Layoffs Are Under Way at CNET, Editor-in-Chief Steps Down

Weeks after CNET drew media attention for quietly publishing stories generated by artificial intelligence, the outlet announced layoffs of several longtime employees yesterday, representing about 10 percent of the public masthead. The move was reportedly made by Red Ventures, the private equity-backed media firm that acquired the tech news outlet three years ago. CNET editor-in-chief Connie Guglielmo will step down and transition to SVP of AI content strategy. The new editor-in-chief will be Adam Auriemma, who previously held the same position at NextAdvisor, also owned by Red Ventures.

NextAdvisor appears to have shut down; it hasn’t tweeted since January, its website now redirects to CNET, and it no longer appears on Red Ventures’ list of brands,” reports The Verge. The layoffs were announced via an internal email yesterday.

“In the email, a Red Ventures executive suggested the cuts were made to focus CNET on areas where the site can succeed at bringing in traffic on Google Search — a top priority for the company,” The Verge explains.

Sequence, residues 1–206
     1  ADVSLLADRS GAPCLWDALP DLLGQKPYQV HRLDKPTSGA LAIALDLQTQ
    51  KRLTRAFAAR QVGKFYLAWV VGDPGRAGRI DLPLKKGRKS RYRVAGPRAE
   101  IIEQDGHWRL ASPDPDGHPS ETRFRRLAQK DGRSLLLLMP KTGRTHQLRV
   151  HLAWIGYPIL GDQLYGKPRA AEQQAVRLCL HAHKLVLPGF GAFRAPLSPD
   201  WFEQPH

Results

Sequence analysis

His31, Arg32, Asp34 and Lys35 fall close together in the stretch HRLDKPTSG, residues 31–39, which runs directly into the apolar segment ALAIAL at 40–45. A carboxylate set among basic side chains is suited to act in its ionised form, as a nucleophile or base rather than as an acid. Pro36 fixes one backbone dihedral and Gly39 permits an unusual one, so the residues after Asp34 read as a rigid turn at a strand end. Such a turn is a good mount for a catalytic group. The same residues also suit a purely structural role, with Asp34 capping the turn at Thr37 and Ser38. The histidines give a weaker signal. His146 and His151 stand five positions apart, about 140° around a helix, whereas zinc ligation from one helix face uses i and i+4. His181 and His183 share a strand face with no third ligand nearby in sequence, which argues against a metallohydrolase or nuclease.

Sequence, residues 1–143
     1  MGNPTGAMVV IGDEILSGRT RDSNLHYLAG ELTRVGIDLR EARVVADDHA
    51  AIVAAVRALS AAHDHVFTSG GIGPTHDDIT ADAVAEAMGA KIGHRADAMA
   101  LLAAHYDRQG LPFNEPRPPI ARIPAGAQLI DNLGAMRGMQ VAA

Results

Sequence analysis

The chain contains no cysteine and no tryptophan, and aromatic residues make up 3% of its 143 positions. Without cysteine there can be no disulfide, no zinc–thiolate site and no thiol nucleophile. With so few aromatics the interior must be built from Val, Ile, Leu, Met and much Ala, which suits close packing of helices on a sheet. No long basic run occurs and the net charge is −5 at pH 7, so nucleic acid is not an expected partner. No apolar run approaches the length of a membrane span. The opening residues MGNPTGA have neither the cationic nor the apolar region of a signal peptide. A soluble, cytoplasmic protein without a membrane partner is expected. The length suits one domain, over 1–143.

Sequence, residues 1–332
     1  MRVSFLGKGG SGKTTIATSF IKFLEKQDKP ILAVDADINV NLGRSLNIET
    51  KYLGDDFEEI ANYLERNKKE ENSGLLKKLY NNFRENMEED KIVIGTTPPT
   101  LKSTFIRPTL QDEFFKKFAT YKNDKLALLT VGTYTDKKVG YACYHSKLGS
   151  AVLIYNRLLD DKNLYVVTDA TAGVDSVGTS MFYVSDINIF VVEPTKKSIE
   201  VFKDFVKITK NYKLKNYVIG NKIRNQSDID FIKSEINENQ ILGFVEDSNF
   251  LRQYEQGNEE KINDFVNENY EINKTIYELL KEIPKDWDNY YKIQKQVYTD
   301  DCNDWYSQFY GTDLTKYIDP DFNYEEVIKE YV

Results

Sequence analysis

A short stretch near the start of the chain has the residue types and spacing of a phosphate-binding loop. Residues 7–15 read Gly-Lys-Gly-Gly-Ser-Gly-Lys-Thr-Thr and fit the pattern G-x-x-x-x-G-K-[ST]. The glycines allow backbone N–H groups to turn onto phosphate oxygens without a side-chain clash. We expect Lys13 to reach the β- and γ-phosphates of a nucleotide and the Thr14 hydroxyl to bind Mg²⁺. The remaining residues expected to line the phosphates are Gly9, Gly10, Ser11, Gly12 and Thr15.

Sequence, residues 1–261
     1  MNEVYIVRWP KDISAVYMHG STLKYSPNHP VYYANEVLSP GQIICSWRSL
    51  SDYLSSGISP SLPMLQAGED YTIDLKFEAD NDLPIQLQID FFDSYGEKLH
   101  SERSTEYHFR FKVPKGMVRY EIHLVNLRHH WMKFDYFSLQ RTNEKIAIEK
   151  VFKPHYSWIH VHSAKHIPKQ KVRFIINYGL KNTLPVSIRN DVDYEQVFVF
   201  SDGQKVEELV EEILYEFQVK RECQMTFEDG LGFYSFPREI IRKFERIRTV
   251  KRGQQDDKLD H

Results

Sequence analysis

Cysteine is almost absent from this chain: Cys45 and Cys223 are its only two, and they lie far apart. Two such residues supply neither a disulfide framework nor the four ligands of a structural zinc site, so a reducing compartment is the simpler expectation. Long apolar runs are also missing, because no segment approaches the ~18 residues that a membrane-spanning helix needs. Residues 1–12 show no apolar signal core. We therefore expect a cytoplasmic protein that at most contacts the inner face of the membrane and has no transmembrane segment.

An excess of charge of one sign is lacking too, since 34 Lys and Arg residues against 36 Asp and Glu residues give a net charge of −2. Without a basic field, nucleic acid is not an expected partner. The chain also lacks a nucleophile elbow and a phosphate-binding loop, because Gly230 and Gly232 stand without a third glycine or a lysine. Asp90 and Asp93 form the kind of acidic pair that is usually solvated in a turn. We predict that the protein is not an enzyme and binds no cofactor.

Carlos Angrisano, president of financial services and the CNET Group at Red Ventures, wrote “we will need to focus on how we simplify our operations and our tech stack, and also on how we invest our time and energy,” adding that they will focus on areas where CNET has “a high degree of authority, relevance, differentiation.”

“Angrisano said CNET would focus on consumer technology, home and wellness, energy, broadband, and personal finance — the sections Red Ventures could best monetize,” according to The Verge.

Support for colleagues has been rolling in since the news. In a tweet, former CNET copy editor Dawnthea Price Lisco wrote that the outlet is “being gutted for parts.”

Futurism reported in January that CNET had been publishing content for several months using AI tools without revealing the fact to readers. Reports indicated that other Red Ventures properties, such as Bankrate and, had also been using AI. CNET began adding disclaimers but then it was learned that the posts included inaccuracies — and not all AI-generated content was being labeled.

“They only care about cranking out content and don’t care about quality/editing as long as the content ranks in [search engine optimization],” a former CNET employee told Futurism. “They use AI to rewrite the intros every two weeks or so because Google likes updated content.”

“The connection between the disastrous AI-generated articles and the layoffs is unclear, but the timing is striking,” suggests Futurism in a post about the layoffs. “With this latest round of layoffs, the future of the AI-generated content — and perhaps of CNET itself — is as unclear as ever. One thing’s for sure, though: for bosses, AI is a great excuse to lay off workers.”

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